The power to be well

The minister believes her calling is alternative healing.
WARREN -- The Rev. Evelyn Urban-Wern is all about energy.
And energy is all about her.
Her suit glows orange -- the color of power and strength.
And her hands, while she explains the finer points of alternative healing, fly with a vitality of their own.
Crystals, stones, aromatherapy, music -- each has a place in healing, she says. And when they and modern medicine don't work, she uses her talents to channel energy from ancient healers, saints -- even God -- to cure a body of its ills.
As long as a body is willing.
"It's not just me, hocus-pocus," the Rev. Urban-Wern said, pushing her long black hair over her shoulder. "If they don't want to get well, I can't help them. I can't get it out."
Her service: But she is more than willing to help those who need it -- and asks only a donation for her services. She is not picky about the price and will accept what people can afford.
"I'm a neophyte in this -- I would like to help people," she said, adjusting the jade bracelet on her left wrist. "They're usually on disability and don't have much money. I would like to get money, but only what they can afford."
She adds, though, "The more generous a person, the better luck they'll have."
Ms. Urban-Wern thinks people should come to her only as a last-ditch effort, and that they should still see their doctors.
"If they come in and they're sick -- we're cookin'," she said. A large yellow citrine ring glinted from the ring finger on her right hand. "When they come in the door, they want to get well."
And as for the recent proliferation of New Age medicine and 900-number psychics, "there is a mass-conscious movement for spirituality on this planet," she said.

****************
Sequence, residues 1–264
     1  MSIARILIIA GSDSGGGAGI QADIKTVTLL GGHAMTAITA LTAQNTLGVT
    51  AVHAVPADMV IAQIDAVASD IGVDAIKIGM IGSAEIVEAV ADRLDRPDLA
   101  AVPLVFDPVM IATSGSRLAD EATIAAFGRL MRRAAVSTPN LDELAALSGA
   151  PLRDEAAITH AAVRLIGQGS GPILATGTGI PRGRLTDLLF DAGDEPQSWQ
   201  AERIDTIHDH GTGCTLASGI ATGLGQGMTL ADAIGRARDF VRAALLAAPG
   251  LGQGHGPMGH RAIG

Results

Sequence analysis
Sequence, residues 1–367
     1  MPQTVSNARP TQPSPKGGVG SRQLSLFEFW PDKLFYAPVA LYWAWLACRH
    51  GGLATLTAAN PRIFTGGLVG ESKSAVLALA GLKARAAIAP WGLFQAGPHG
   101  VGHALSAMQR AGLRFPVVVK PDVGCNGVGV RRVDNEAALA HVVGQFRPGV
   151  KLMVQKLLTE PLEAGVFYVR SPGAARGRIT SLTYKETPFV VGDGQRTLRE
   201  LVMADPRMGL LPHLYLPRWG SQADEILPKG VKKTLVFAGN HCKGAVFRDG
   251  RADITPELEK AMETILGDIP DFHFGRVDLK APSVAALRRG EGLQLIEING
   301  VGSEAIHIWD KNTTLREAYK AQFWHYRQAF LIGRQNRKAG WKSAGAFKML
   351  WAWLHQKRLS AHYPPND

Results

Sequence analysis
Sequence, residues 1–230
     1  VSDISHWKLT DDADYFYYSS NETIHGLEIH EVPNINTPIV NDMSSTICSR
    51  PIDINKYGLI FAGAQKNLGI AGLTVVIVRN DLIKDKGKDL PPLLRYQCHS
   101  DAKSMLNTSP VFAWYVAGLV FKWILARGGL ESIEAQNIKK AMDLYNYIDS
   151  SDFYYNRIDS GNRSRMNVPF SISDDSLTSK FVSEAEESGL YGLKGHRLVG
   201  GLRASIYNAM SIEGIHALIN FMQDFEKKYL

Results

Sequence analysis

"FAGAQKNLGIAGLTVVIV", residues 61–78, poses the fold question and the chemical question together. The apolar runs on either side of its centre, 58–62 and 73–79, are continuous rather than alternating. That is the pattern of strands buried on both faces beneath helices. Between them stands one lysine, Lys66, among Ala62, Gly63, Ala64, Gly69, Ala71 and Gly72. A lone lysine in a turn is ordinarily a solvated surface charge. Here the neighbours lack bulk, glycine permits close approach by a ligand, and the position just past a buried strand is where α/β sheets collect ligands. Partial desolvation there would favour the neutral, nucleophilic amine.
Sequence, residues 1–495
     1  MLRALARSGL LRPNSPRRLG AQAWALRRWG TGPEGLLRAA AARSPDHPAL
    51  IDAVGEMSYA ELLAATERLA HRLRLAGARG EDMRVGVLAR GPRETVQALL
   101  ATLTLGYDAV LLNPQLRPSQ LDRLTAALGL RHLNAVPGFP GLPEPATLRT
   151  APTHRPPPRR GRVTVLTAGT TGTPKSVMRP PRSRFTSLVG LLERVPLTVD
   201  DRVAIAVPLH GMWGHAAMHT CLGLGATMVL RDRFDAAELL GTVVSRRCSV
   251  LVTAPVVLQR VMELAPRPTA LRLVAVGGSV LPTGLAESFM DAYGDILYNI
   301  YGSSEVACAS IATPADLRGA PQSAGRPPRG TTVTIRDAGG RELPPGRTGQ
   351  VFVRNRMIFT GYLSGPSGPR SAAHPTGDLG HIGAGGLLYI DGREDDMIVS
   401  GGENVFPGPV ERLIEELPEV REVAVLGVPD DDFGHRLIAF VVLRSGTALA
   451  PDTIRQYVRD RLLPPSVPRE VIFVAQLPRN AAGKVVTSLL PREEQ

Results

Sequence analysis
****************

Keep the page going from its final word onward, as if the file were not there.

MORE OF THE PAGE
Getting her start: Ms. Urban-Wern became involved in alternative healing in the 1970s, when her daughter was young. The girl was born without a tibia in her right leg, a dislocated knee and a club foot. Doctors wanted to amputate; Ms. Urban-Wern wouldn't let them.
"I was devastated," she said. "I prayed."
The girl still had the fibula -- the other bone in the leg -- and doctors corrected her foot and knee after a series of operations. Her mother, desperate, willed the leg to grow.
In what doctors termed a medical miracle, the bone grew, Ms. Urban-Wern said.
"I felt that it was my energy," she said, pointing to pictures of her daughter dancing years later. "I pushed the energy out of my system, and the leg grew."
She added that spiritual healing is "not just prayer -- I'm channeling their [saints, healers, God's] energy on a higher level. I'm going into their energy field."
Branching out: After the discovery of her healing gift, Urban-Wern first became a certified hypnotist, opening a shop in Warren.
However, "this is not an area for this type of work," she said, shaking her head. "New York and California are the most progressive states [for alternative medicine]. This area is not into it."
So she expanded her practice onto the Internet, forming the Church of Miracles. Ms. Urban-Wern is ordained by the Church of the Free Spirit in Cleveland and licensed by the State of Ohio.
She doesn't have a following yet, but she would like one.
"In the meantime, I'll give my gifts out ... [God] has plans for me," she said, shrugging her shoulders. "I'm earmarked to do the healing work.
"I don't ever want to lose this gift -- it's what I do the best. I think it's fun, and" -- she laughed -- "it keeps me out of trouble."
XThe Rev. Urban-Wern can be contacted at (330) 219-3937, or send e-mail to Her Web site is

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